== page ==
Residents keep track of interaction with river

Huckleberries, venison and salmon.

Bitterroot and willowbark.

Fishing, swimming and sweat lodges.

The Confederated Tribes of the Colville Reservation have wrapped up a 17-month study of how its members and others living on the 1.4 million-acre reservation along the Columbia River use the land and its resources.

During the study, more than 1,500 people kept detailed records of what they ate; where they fished, boated and swam; and where they hunted and gathered plants for food, traditional crafts and ceremonial use.

“It was a huge effort,” said Cindy Marchand, the tribe’s Superfund coordinator. “It showed us that residents care about the environment. They want to continue to live a subsistence lifestyle.”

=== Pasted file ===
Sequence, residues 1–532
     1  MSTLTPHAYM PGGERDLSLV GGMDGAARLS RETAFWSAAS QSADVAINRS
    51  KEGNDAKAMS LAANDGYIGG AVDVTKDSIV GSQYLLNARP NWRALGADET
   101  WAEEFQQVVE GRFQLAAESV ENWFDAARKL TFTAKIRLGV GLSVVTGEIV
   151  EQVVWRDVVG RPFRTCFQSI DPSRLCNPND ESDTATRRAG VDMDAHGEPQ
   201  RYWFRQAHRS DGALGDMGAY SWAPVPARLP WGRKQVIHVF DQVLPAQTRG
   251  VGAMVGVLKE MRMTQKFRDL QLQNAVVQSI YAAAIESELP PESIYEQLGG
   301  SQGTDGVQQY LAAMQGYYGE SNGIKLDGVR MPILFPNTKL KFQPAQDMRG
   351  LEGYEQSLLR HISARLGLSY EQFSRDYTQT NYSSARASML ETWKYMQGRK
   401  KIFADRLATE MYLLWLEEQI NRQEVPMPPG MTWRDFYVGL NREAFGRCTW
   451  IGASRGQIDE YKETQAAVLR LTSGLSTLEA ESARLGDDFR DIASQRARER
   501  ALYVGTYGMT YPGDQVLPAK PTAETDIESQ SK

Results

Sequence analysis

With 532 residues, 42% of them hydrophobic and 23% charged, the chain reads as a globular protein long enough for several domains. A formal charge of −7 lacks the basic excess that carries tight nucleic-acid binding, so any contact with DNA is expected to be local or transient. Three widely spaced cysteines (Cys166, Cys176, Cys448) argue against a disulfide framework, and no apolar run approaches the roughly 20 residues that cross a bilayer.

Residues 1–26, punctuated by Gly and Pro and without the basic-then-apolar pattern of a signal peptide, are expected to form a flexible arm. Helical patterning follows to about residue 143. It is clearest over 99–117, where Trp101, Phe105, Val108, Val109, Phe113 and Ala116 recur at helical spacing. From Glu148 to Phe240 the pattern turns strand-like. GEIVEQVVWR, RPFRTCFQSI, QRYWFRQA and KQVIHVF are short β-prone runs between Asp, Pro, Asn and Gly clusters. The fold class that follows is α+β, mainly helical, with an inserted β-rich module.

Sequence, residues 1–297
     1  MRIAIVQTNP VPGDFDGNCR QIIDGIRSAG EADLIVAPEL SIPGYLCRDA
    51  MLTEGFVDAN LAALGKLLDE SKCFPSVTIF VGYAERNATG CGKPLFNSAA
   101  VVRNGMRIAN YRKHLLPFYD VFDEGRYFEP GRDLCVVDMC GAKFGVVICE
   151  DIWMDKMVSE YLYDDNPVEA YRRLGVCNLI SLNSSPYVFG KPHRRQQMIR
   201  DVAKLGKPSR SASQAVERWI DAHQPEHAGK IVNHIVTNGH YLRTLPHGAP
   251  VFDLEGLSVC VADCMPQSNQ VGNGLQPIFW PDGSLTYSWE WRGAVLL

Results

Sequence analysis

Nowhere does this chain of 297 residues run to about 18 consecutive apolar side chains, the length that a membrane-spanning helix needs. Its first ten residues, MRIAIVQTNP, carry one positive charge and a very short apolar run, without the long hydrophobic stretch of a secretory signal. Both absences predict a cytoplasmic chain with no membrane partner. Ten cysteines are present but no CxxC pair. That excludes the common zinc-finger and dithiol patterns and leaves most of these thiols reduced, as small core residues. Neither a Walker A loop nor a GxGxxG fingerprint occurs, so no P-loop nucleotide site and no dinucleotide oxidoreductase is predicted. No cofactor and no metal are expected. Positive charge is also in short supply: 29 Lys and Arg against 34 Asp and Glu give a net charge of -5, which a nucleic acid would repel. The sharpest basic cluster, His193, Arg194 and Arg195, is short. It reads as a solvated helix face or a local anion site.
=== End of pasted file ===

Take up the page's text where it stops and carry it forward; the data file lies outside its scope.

The survey is one of the nation’s most comprehensive studies of how contemporary indigenous people interact with the environment, said Marc Stifelman, a toxicologist for the U.S. Environmental Protection Agency. Nearly 75 percent of respondents said they hunted or gathered plants and roots. More than one-third fished.

With high rates of diabetes on the reservation, a number of the respondents said they were interested in eating healthy, natural foods. However, they were also concerned about the potential for heavy-metals exposure, Marchand said. The survey will help the tribe identify potential pollution exposures.

Initial study results provide a snapshot of resources used by people living on the Colville Reservation. Later analysis will provide a more detailed look at consumption rates, including how much fish the reservation’s residents eat on a daily basis.

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Where does the money go?

sponsored You’ve probably heard of co-ops: food co-ops, childcare co-ops, housing co-ops, energy co-ops.



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